A total of 134 mosquitoes were screened by a singleplex TaqMan qPCR for the cross-validation of the V1016I and F1534C mutants detected in the novel multiplex assay and V410L Vgsc mutations [28]. Briefly, reactions were performed in 96-well plates by adding 5 μl TaqMan gene expression SensiMix (Applied Biosystem, Foster City, CA, USA), 0.125 μl primer/probe, 3.875 μl molecular grade sterile water and 1 μl DNA extract [25]. Reactions were run on an Agilent MX3000P qPCR thermal cycler using cycling conditions of an initial denaturation of 10 min at 95 °C, followed by 40 cycles of 92 °C for 15 min and 60 °C for 1 min.

DNA sequencing for confirmation of the V410L mutation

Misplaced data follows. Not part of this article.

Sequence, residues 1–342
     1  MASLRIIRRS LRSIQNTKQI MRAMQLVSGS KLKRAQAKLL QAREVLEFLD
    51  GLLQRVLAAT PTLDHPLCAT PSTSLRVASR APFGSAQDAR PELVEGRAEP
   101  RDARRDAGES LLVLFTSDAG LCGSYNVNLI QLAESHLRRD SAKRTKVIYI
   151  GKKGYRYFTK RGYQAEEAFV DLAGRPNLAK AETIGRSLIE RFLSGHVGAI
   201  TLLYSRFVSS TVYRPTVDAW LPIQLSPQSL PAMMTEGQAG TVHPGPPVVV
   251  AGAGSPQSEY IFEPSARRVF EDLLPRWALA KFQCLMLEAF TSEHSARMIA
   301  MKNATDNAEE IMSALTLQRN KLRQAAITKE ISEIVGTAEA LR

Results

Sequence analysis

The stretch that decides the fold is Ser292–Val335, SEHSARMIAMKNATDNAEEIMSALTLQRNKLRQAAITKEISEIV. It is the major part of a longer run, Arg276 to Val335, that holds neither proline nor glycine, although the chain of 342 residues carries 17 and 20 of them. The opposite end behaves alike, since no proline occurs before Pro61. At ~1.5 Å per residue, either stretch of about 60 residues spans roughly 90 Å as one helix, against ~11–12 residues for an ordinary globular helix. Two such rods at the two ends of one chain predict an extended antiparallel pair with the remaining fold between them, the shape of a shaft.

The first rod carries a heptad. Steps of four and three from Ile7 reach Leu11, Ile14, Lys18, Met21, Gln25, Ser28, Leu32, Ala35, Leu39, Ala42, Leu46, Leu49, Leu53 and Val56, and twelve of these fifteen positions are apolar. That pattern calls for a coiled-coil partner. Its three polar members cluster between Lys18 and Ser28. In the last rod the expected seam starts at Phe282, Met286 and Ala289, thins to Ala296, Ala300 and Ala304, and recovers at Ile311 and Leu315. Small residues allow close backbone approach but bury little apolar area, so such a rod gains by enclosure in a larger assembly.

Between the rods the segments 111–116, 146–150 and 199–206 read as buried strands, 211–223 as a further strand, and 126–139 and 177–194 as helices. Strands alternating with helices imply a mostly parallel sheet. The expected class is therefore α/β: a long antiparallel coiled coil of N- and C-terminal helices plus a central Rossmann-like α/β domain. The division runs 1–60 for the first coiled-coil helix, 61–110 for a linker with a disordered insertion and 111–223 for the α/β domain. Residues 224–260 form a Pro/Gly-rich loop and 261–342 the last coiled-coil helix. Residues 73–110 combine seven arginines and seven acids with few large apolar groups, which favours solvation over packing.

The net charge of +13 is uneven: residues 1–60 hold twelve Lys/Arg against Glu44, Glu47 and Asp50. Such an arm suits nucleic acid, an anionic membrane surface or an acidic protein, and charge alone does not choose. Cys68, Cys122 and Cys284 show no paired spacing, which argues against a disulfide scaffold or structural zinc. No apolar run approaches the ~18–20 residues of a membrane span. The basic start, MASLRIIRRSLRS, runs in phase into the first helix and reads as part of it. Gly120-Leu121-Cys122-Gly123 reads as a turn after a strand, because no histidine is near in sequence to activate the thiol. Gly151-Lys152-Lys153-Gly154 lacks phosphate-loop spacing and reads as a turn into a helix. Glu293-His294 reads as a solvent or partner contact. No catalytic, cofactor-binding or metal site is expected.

DNA sequencing was used as a gold standard to validate the genotyping of the V410L kdr mutation. A partial sequence of domain I of the voltage-gated sodium channel of eight samples was amplified by PCR in a 25-μl volume with iCycle thermal cycler (Bio-Rad Laboratories). Each reaction contained 12.5 μl PrimeSTAR® Max DNA polymerase (Takara Bio Inc.), 1.5 μl (0.3 μM) reverse primer described by Granada et al. [16] and a newly designed forward primer to increase the amplification efficiency (Additional file 1: Table S1); sterile water was added to make a final volume of 25 μl. Thermal cycling conditions were one cycle of denaturation at 98 °C for 5 min, followed by 35 cycles of 98 °C/10 s, 60 °C/15 s and 72 °C/5 s, ending with one cycle at 72 °C for 7 min for the final extension. Ten microliters of the mixture of PCR products and 6 × loading buffer were run on a 1.5% TAE agarose gel, and the expected DNA band size was read at 688 bp. The DNA fragment was cut from the gel and purified from gel using a QIAEX® II Gel Extraction Kit according to manufacturer's instructions. Purified PCR products were sequenced by Fasmac sequencing service (FASMAC Co., Ltd., Japan). Sequence alignment was performed with Snap Gene® Viewer 5.0.5 software.